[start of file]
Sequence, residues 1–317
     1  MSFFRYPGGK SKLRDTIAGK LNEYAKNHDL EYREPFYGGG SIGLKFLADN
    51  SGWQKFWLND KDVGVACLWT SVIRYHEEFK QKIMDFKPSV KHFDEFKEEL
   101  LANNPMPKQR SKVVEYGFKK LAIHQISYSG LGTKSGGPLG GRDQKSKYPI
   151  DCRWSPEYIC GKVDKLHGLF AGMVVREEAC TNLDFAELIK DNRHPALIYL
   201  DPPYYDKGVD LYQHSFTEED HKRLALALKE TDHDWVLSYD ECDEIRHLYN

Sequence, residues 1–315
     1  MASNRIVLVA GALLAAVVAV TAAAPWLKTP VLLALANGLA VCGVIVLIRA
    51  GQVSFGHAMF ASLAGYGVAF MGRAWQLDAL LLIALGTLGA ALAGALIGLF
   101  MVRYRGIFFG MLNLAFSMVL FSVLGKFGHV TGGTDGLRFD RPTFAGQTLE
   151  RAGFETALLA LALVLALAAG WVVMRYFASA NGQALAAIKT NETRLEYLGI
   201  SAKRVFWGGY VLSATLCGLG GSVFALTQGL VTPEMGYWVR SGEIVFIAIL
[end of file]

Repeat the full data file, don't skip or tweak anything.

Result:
Sequence, residues 1–317
     1  MSFFRYPGGK SKLRDTIAGK LNEYAKNHDL EYREPFYGGG SIGLKFLADN
    51  SGWQKFWLND KDVGVACLWT SVIRYHEEFK QKIMDFKPSV KHFDEFKEEL
   101  LANNPMPKQR SKVVEYGFKK LAIHQISYSG LGTKSGGPLG GRDQKSKYPI
   151  DCRWSPEYIC GKVDKLHGLF AGMVVREEAC TNLDFAELIK DNRHPALIYL
   201  DPPYYDKGVD LYQHSFTEED HKRLALALKE TDHDWVLSYD ECDEIRHLYN

Sequence, residues 1–315
     1  MASNRIVLVA GALLAAVVAV TAAAPWLKTP VLLALANGLA VCGVIVLIRA
    51  GQVSFGHAMF ASLAGYGVAF MGRAWQLDAL LLIALGTLGA ALAGALIGLF
   101  MVRYRGIFFG MLNLAFSMVL FSVLGKFGHV TGGTDGLRFD RPTFAGQTLE
   151  RAGFETALLA LALVLALAAG WVVMRYFASA NGQALAAIKT NETRLEYLGI
   201  SAKRVFWGGY VLSATLCGLG GSVFALTQGL VTPEMGYWVR SGEIVFIAIL